Stoneware has been around since humans first cooked their food. Early humans used flat rocks over an open fire to bake various forms of flat bread. Many commercial ovens are lined with brick or stone because such material absorbs and distributes heat evenly, leading to evenly cooked foods. But you don’t need to shop at commercial cooking supply shops to find a decent quality baking stone for home use. Many retail outlets sell high-quality baking stones in a variety of sizes and shapes. Baking cookies on your baking stone is an ideal first use for such stoneware.
Things You'll Need
Prepare the baking stone by coating it with cooking oil the first few times you use it. Alternatively, some manufacturers recommend that you cover all surfaces of your baking stone with refrigerator biscuit dough, place it in the oven and bake the dough. Both methods begin the seasoning process for your baking stone.
Preheat your oven as recommended in the cookie recipe you are using. Mix the dough as described in the recipe, and transfer it to the baking stone. This transfer will differ depending on the type of cookie you are baking. Drop cookies will require you to simply drop dough by the teaspoonful. If you are making cut-out cookies, roll the dough out first, cut the dough with cookie cutters and then transfer each cookie to the baking stone.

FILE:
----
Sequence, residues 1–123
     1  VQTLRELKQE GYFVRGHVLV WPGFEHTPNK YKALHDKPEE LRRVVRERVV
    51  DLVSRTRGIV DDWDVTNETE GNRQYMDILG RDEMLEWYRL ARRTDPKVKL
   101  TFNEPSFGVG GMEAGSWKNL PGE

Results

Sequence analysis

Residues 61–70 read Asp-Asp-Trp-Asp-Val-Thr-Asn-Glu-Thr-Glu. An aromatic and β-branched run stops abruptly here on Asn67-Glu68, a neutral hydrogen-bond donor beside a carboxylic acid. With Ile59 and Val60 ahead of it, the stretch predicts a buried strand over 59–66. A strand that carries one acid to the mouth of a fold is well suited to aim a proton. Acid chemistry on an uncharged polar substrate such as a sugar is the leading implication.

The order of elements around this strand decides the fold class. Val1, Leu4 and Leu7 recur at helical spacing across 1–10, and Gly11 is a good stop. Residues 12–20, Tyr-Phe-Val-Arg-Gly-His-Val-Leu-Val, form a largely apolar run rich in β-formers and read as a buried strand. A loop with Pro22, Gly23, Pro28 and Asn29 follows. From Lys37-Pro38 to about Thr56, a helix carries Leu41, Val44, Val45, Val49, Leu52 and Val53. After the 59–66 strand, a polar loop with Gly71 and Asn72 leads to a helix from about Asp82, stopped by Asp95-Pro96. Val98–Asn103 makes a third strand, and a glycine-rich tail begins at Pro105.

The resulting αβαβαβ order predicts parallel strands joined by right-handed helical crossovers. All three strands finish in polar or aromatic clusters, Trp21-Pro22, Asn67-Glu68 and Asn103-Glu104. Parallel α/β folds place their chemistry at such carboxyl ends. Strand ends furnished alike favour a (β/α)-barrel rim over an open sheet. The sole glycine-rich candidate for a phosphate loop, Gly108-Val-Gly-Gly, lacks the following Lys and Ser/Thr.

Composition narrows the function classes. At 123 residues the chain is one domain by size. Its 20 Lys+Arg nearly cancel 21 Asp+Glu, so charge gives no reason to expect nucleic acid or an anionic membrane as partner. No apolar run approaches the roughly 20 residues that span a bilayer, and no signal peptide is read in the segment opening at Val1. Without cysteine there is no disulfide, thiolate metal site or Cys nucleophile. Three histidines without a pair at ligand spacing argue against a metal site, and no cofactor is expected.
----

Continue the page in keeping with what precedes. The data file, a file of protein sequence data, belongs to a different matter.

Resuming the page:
Place the baking stone full of cookie dough into the oven. Set a timer for the number of minutes recommended in your recipe.
Remove the baking stone from the oven when the cookies are done. Let them rest for 1 minute, and then use a spatula to transfer them to a wire rack to finish cooling.
Allow the baking stone to cool if you plan to make another set of cookies. Baking stones retain heat longer than metallic pans do, so this might take a while. If you do not wait, you risk your cookies spreading and melting before they even get into the oven.
Rinse the baking stone in tepid water after the stone has cooled. Do not use soap to clean stoneware. Scrape and wipe residue away with a flat plastic scraper or plastic abrasive pad. The fat that is left behind continues the seasoning process and will eventually leave the stone a dark color. This is normal and even desired.
You can use store-bought dough with your baking pan as well.
Stoneware cookie molds are available and usually have intricate designs. You press the dough into the mold and then bake. This is done frequently with shortbread cookies, as the dough contains a high amount of fat and will otherwise separate from the stoneware easily.
References and ResourcesOld Fashioned Living: Stoneware Savvy
"The Gadsden Times": Benefits of Cooking With Baking Stone
Baking Stone: Home